A man claiming he was seriously injured by an off-duty firefighter not only started the fight, a defense attorney argued Monday, but now he wants to cash in on his injuries.
But it’s the severity of those injuries — including 17 facial fractures — that proves the firefighter acted not out of self-defense, but rather out of rage and anger, the prosecution claimed.
As the assault and battery trial of John Ryan Mason wrapped up, attorneys presented the mostly male jury with two different stories about what happened in the restroom of a San Luis Obispo bar on June 4, 2011. The major difference in their stories was the identity of the alleged aggressor.
Both attorneys agree that Mason, 35, of San Luis Obispo and Jory Brigham, 33, of Los Osos had a verbal exchange at Pappy McGregor’s Bar & Grill after attending the wedding of a mutual friend. The prosecution argued that during the argument, Mason — still angry about a Facebook posting Brigham had made months earlier that alluded to his marital problems — sucker-punched Brigham, then elbowed him in the face multiple times, causing Brigham to lose consciousness.
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“This isn’t self-defense,” Deputy District Attorney Kristy Imel argued. “This is rage.”
After the fight, she added, Mason went home and didn’t answer the phone or door when police tried to question him.“In the aftermath, he realized how badly he had hurt him,” she said.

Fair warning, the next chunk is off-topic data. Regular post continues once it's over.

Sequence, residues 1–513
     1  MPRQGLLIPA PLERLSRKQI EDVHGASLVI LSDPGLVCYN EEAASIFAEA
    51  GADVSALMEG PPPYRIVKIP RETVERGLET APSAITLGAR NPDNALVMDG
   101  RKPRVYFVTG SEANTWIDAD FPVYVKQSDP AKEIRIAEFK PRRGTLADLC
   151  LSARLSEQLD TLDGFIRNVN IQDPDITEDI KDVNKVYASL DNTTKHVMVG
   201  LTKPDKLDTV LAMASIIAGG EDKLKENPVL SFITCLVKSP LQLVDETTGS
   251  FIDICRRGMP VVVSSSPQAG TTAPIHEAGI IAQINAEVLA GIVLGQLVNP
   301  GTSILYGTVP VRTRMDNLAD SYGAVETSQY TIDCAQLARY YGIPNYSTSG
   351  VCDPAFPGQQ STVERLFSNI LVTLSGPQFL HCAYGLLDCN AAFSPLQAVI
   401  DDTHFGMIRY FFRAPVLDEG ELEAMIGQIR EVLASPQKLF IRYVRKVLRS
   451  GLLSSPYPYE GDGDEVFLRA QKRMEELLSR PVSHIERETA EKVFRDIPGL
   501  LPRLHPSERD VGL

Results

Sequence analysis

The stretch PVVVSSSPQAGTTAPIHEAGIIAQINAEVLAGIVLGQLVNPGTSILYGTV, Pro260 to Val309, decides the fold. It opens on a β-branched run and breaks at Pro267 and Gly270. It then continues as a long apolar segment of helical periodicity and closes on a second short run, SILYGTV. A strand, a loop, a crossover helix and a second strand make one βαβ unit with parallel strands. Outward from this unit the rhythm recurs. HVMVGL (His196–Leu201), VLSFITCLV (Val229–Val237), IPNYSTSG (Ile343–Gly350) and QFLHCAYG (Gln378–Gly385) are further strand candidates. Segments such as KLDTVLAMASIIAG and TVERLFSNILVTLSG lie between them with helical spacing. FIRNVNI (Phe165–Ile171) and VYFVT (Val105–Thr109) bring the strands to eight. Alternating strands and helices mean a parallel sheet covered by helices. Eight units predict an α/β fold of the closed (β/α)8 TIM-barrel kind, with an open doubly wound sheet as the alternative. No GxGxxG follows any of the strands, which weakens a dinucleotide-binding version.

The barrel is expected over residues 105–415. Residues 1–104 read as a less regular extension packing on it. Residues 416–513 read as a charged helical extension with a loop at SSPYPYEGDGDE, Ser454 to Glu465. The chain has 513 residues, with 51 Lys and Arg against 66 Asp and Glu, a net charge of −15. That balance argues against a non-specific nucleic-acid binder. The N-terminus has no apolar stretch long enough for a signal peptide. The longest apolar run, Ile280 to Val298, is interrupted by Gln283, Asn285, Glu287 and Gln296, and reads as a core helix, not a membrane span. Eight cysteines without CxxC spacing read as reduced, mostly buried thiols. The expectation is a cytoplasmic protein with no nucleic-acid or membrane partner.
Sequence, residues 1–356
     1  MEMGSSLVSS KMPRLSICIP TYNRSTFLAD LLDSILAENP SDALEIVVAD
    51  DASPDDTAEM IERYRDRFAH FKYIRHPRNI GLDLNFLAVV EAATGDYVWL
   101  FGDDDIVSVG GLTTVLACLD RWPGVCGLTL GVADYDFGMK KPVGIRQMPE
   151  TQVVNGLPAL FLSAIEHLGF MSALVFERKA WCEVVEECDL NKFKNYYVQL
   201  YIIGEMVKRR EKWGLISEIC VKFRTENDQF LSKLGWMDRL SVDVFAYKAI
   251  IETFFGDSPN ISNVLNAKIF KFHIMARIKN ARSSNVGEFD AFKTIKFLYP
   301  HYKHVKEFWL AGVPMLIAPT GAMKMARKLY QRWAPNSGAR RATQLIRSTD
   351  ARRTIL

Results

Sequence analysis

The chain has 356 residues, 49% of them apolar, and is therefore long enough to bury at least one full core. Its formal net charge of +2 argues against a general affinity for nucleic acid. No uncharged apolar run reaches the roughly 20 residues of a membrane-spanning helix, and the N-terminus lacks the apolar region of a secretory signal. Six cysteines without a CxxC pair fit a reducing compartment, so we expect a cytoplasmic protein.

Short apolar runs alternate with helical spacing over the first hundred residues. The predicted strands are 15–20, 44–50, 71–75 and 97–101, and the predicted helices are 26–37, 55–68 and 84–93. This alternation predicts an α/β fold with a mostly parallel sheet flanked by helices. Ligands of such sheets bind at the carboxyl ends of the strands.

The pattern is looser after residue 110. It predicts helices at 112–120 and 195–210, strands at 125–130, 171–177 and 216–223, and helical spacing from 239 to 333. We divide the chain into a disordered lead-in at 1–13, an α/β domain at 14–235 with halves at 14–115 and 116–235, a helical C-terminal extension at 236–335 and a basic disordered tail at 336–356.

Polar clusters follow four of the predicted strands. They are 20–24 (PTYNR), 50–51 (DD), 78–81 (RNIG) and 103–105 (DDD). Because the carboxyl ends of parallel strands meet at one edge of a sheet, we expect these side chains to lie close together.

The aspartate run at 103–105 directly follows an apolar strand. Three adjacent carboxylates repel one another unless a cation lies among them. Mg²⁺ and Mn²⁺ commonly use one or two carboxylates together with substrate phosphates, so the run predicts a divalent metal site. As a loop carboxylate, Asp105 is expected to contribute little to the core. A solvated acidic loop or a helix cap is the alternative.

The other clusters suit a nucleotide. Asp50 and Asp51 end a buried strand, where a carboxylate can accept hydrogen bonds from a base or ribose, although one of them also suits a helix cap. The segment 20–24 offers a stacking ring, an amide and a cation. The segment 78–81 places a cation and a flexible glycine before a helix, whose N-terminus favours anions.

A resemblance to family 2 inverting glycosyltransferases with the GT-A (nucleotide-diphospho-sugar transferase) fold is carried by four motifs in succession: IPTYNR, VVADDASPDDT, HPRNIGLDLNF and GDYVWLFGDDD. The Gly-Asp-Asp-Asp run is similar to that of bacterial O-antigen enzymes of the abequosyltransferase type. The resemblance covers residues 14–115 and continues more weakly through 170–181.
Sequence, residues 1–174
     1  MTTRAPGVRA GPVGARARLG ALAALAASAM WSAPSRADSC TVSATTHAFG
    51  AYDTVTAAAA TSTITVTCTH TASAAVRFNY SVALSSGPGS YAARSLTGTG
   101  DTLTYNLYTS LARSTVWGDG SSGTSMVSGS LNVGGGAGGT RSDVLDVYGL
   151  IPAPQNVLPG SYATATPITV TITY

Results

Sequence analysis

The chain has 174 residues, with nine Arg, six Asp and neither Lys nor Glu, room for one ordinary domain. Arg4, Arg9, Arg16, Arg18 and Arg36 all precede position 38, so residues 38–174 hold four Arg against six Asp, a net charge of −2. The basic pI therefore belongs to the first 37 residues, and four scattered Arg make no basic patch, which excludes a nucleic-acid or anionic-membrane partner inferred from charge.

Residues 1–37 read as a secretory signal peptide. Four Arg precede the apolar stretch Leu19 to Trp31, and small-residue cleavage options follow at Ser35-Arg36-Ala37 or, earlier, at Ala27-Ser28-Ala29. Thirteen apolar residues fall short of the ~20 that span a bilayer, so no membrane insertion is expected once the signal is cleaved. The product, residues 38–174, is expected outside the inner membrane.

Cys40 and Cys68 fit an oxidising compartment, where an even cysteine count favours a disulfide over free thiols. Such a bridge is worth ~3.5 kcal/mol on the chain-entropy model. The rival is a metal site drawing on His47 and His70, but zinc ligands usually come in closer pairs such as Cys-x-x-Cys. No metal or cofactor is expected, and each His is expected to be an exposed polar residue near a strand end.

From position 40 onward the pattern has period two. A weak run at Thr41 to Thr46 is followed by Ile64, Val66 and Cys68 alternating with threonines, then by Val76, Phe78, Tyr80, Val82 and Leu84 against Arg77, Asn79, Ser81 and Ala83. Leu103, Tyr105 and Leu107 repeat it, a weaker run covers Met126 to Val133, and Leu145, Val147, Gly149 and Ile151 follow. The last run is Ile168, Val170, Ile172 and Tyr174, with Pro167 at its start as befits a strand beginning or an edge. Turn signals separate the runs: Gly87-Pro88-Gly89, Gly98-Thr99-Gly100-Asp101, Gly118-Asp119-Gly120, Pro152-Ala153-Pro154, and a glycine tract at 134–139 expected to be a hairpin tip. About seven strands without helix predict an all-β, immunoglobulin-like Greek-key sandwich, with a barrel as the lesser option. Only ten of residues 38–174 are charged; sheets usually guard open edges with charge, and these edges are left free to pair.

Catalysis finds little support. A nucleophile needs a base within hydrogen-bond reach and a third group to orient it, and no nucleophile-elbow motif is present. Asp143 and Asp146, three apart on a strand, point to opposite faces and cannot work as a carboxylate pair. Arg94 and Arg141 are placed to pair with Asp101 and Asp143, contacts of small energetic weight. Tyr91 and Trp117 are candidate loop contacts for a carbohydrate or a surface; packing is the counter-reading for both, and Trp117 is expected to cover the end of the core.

Defense attorney Chris Casciola said Brigham was obsessed with Mason’s resolved marital problems. And on the night of the incident, he became drunk and aggressive, poking and shoving Mason, Casciola said.
“He started a fight; he lost a fight,” Casciola said.
After losing the fight, he argued to the jury, Brigham decided to seek revenge.
“He’s used the District Attorney’s Office as his tool, and he’s going to use the civil process as his tool,” Casciola said, saying Brigham would likely sue Mason.
A key point of the prosecution argument is the severity of Brigham’s injuries, which included broken cheek bones, a broken nose and a broken jaw that had to be wired shut for five weeks. Imel said anyone seeking to protect themselves can legally use reasonable force, but Mason exceeded reasonable force by repeatedly striking Brigham in the face with an elbow.
“He wanted to shut Jory’s mouth,” she said. “And he did. He had his mouth wired shut for several weeks.”
Casciola suggested Brigham’s worst injuries might have resulted during a mutual struggle as his face hit a sink or the ground. He implored jurors not to view Mason as the instigator because he walked away from a fight unharmed.
“You can’t simply look at the injuries and go, ‘Well, it must have been him — he won the fight,’ ” Casciola said.
Mason, a 15-year firefighter with the San Luis Obispo Fire Department, was charged with felony assault with great bodily injury and battery with serious bodily injury. The jury will deliberate today.